I have a question regarding Inertia. Exactly how much force, in Newtons, is required to overcome the inertia of exactly one kilogram of mass? It seems to me there must be some sort of quantity for it.
It depends on how fast you want to accelerate the object. The equation is ##\vec{F_{Net}} = m\vec{a}##, or in words, (net force acting on the object) = (mass of the object) x (acceleration of the object). This is Newton's second law. It takes, for example, 1 Newton of force to accelerate a 1kg object at 1m/s^{2}.
Ah. Okay...not exactly what I was looking for, but what I was looking for was probably wrong ;) thanks.
Yes, if you were looking for some measure of a force required to overcome inertia that is independent of acceleration, then there's no such thing.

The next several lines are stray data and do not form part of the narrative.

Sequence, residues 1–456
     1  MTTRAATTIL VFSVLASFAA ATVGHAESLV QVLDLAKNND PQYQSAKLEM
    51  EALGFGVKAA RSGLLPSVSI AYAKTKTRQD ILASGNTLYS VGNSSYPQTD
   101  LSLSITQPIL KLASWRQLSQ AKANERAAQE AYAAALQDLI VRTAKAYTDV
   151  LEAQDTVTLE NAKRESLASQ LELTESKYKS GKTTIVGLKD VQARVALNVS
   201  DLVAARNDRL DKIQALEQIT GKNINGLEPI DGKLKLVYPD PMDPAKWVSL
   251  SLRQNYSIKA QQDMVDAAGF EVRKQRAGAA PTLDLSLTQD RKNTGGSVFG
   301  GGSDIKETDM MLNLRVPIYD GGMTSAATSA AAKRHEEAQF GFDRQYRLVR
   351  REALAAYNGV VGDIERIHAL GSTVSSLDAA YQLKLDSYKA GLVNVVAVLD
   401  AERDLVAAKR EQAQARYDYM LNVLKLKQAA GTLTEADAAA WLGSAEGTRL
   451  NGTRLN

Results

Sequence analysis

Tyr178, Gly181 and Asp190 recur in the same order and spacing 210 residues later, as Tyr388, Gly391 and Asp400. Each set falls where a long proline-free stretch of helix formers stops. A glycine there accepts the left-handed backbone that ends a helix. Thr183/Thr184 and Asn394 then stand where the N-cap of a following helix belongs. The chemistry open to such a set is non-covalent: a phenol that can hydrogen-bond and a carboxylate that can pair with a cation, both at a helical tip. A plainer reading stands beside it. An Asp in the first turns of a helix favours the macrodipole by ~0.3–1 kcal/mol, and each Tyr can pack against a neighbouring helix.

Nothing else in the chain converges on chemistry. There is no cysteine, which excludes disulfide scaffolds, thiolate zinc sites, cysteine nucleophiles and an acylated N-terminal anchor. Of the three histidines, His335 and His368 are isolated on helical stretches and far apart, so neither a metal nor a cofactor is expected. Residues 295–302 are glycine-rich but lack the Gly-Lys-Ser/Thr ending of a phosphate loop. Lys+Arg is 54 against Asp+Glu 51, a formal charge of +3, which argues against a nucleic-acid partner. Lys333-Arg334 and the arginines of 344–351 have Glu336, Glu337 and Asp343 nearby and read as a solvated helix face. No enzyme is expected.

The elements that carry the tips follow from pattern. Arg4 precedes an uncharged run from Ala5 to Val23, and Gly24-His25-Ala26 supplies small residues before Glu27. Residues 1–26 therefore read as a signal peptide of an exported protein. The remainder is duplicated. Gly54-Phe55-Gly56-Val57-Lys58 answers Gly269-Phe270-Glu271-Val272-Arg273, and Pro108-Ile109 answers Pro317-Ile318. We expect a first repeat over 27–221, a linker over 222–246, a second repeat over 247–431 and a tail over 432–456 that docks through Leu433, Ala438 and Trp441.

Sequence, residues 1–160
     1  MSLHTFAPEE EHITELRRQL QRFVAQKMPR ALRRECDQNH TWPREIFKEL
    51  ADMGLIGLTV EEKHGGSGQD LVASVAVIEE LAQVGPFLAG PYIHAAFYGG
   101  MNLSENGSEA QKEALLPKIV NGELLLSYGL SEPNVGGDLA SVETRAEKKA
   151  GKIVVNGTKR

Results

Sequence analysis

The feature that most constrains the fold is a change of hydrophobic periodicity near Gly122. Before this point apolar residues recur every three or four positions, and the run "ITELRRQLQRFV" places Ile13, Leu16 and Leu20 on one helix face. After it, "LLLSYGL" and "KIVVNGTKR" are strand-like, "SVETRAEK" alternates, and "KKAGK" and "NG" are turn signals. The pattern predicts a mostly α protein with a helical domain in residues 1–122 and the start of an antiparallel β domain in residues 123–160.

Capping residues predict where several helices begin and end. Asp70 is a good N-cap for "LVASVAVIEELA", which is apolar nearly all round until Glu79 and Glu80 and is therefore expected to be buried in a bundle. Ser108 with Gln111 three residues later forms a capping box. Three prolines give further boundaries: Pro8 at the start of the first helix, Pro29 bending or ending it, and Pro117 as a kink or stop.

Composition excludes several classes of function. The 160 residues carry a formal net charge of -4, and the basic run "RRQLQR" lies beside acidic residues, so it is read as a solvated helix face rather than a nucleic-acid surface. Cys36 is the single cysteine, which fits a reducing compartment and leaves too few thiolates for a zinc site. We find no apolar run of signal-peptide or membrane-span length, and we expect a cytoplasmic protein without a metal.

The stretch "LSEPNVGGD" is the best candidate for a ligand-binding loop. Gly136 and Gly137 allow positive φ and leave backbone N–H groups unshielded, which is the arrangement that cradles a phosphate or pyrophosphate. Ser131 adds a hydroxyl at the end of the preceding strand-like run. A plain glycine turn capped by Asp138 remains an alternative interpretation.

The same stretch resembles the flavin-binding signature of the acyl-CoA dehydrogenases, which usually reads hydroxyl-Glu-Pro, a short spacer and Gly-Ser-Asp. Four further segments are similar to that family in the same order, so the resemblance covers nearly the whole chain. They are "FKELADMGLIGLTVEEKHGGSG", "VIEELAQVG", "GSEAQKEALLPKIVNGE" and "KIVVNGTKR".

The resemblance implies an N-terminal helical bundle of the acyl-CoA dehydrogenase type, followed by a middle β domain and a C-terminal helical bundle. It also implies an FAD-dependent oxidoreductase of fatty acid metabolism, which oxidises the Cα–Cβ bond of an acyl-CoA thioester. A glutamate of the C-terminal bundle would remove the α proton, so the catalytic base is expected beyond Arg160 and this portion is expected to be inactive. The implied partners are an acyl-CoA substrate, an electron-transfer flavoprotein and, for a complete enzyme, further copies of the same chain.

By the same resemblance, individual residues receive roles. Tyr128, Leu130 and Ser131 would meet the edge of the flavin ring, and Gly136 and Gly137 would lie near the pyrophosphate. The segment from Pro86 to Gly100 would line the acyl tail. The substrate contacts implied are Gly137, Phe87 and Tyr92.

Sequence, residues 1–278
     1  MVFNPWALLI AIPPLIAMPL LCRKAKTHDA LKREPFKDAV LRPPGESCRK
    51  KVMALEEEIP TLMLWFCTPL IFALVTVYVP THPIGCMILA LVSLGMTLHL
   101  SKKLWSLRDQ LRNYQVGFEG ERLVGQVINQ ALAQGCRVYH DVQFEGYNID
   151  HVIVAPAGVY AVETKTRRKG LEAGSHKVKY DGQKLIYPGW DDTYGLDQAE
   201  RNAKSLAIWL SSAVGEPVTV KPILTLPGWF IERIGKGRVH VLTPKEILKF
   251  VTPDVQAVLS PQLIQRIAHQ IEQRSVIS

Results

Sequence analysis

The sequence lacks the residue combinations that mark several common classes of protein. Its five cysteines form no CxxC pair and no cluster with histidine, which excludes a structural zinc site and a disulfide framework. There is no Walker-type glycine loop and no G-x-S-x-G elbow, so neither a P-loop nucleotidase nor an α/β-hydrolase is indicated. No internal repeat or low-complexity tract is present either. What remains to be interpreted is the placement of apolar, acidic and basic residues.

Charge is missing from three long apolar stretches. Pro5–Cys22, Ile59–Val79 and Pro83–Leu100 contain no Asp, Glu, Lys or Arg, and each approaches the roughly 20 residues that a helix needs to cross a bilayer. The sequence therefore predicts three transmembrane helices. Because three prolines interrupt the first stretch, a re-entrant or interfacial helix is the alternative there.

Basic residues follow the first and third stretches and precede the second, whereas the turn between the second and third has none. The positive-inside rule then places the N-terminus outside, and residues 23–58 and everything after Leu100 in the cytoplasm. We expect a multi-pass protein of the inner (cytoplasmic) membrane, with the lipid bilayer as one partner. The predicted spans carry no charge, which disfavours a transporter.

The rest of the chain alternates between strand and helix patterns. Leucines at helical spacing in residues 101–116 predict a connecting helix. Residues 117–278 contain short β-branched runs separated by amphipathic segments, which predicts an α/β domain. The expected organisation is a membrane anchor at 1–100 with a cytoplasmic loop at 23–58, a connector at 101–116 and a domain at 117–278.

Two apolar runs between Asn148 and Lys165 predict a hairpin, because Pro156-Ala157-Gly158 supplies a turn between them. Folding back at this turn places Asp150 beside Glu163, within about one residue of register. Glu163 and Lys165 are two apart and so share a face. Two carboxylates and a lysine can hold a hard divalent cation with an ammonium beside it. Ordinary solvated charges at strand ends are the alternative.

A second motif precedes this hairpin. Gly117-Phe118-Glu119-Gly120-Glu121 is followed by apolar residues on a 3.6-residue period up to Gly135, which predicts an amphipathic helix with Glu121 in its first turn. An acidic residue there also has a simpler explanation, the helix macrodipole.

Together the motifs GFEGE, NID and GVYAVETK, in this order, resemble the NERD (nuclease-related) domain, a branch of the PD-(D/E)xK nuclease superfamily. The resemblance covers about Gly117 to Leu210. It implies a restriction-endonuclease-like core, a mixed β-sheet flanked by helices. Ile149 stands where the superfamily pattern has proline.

yeah, it is pretty counter-intuitive that f=ma, because in our everyday lives, most of the time there are frictional forces.
I think Macrobe meant to ask how much force would be required to get a body off its stationary position. On a flat surface, it is equal to the co-efficient of static friction x Weight of the body (weight, not mass). If the body is on, say, a road, the force required to get the body would be around 0.7 times the weight of the body.